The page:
But now, somehow, we’ve allowed a breakaway faction of slovely hacks to circumvent the rules entirely and have their characters look you right in the fricking eyes, whenever they want, and tell you exactly what’s happening and/or exactly how they feel about it. You should deplore this practice, even though you probably don’t.
Modern mockumentaries are also stuffed with a certain kind of gag that works like this:
a) Character makes a claim.
b) Footage contradicts the claim.
a) John (to camera): “I’m very dignified.”
b) John is upside down in a dustbin.
Or they can work the other way around, e.g.:
a) John (to his wife): “Yes, honey, I got the rollerskates!”
b) John (being interviewed): “I did not get the rollerskates.”
This is the cheapest kind of joke imaginable, relying on a simple collision of statements in every case, and each moment of airtime a show like Modern Family or The US Office pads out with pulpy gags like these is a deplorable waste of your time. The fact that you think you’re enjoying them makes them all the more insidious.
But wait a minute, you might say (perhaps out of a misplaced desire to defend your taste), all of the shortcuts and cheats described above might just as easily appear in a well-made mockumentary like The Office and This is Spinal Tap. That’s true, but the difference is that, by scrupulously adhering to the restrictions they impose on themselves in making a show that purports to be a documentary, their writers also earn the right to enjoy the perks – the easy exposition, the flatpack dramatic irony, the easy gags. The writers of The Office and This is Spinal Tap respect you.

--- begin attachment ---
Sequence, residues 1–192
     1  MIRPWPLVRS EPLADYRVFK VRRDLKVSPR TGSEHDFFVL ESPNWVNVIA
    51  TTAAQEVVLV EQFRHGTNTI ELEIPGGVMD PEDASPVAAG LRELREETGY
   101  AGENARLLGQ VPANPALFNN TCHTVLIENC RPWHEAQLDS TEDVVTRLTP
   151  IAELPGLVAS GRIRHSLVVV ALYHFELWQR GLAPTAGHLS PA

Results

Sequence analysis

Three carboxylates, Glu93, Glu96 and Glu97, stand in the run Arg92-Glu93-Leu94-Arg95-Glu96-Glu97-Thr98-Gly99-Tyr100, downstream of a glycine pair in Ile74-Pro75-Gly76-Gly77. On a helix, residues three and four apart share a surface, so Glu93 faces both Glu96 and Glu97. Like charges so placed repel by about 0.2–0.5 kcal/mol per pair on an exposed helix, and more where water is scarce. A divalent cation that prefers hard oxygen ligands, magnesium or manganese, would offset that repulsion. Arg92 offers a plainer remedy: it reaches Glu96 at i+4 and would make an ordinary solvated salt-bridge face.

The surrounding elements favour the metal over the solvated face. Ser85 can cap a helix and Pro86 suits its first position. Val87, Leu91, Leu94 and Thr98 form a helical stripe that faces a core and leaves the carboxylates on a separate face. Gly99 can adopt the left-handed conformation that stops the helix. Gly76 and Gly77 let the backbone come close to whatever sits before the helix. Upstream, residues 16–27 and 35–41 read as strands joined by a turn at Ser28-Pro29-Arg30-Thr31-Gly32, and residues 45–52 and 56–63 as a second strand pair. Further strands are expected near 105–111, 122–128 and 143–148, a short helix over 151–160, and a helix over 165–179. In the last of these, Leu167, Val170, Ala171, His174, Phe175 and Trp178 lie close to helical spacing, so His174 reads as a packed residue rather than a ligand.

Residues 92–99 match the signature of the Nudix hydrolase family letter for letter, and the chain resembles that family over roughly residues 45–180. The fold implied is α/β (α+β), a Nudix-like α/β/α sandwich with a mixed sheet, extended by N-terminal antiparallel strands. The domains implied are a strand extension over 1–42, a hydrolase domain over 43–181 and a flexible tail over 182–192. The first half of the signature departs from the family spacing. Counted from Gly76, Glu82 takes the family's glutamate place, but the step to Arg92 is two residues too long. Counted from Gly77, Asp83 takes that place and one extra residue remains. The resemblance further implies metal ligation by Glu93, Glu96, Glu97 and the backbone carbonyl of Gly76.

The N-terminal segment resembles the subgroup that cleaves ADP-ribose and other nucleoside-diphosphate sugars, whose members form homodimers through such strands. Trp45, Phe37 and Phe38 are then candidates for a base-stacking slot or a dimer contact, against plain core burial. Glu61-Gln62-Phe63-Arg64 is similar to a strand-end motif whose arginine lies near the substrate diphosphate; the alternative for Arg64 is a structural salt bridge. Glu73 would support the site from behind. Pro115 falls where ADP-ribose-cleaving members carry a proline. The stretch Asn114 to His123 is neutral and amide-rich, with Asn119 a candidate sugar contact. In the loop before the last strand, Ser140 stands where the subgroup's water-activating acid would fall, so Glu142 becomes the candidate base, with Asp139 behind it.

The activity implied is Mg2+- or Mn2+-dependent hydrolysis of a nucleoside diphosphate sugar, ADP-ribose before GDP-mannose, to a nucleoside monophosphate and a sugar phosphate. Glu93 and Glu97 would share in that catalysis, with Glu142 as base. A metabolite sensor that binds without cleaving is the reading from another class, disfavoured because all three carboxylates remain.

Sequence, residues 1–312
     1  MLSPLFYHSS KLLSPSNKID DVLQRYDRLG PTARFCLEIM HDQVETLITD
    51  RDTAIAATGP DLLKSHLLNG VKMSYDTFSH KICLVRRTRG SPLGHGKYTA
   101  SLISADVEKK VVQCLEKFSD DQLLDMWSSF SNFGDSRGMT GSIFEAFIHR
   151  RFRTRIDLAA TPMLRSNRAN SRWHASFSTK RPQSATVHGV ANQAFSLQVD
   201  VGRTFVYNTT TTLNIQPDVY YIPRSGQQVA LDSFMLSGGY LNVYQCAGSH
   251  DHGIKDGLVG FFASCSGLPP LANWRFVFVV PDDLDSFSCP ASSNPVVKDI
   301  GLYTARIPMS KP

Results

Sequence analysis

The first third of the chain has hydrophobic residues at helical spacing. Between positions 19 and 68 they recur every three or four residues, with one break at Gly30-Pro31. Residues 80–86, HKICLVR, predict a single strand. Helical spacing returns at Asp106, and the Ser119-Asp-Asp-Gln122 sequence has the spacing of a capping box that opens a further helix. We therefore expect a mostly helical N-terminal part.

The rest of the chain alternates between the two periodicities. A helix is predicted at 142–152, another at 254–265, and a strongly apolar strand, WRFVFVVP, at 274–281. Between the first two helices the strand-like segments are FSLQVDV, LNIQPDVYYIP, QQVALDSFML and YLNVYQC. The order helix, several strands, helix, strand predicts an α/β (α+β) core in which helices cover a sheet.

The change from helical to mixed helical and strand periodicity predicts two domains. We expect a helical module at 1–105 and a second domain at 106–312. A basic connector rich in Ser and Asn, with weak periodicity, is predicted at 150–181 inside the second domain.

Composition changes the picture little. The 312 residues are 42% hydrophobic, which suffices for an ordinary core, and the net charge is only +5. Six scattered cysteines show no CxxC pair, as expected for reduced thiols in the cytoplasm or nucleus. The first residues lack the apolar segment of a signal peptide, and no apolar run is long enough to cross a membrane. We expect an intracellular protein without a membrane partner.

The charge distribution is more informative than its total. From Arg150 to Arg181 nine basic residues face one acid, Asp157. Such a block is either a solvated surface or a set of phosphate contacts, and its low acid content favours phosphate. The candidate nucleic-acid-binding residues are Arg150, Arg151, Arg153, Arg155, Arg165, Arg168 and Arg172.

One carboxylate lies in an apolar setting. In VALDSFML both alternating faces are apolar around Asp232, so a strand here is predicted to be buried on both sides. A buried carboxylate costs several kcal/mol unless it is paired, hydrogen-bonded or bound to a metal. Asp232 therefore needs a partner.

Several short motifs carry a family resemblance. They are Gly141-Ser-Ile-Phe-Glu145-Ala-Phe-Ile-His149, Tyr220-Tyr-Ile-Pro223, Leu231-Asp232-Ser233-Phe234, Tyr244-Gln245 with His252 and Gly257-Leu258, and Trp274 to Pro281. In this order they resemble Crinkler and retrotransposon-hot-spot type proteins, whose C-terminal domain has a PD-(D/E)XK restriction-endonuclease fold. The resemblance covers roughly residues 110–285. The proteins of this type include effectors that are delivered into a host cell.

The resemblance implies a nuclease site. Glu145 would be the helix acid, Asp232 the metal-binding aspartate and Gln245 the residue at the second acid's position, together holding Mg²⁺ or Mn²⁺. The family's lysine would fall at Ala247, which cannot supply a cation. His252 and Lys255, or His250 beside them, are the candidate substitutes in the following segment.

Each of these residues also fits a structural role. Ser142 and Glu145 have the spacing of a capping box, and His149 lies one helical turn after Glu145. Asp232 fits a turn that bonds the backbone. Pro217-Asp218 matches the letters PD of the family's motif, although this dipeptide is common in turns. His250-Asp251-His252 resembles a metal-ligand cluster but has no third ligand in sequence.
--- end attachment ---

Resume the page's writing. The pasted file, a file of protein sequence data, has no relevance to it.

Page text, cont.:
The writers of Modern Family et al, on the other hand, despise you, because they know that you are letting them get away with inferior workmanship.
Like drug addicts or compulsive gamblers, they secretly want to be confronted and put on a better path, and they hate you for blindly enabling their depraved, corrupting rampage.
They of all people know that you are utterly wrong to enjoy the absurd proposition they are presenting, and you owe it to them – and to yourself – to admit that you are wrong.